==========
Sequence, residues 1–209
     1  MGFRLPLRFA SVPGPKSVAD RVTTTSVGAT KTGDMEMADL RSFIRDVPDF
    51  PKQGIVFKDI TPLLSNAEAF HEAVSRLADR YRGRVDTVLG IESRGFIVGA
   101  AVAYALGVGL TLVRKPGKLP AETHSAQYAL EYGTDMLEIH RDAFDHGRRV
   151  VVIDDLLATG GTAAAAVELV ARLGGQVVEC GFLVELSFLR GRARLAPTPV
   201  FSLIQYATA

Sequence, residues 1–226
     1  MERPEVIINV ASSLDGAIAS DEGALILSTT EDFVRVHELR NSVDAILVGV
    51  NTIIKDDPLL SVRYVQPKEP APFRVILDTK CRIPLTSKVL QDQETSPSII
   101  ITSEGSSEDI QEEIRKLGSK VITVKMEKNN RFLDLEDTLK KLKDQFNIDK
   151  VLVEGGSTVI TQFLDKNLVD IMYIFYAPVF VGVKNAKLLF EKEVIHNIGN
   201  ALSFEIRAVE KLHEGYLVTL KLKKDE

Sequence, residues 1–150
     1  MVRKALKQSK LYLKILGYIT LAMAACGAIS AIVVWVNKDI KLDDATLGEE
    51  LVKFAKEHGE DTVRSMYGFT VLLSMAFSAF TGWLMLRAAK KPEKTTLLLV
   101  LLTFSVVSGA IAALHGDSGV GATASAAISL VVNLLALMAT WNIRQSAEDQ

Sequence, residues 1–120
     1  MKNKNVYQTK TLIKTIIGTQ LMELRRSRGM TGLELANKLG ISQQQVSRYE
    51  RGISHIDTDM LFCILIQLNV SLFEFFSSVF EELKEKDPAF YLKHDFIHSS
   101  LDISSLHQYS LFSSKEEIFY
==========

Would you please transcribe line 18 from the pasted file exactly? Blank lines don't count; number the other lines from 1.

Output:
     1  MKNKNVYQTK TLIKTIIGTQ LMELRRSRGM TGLELANKLG ISQQQVSRYE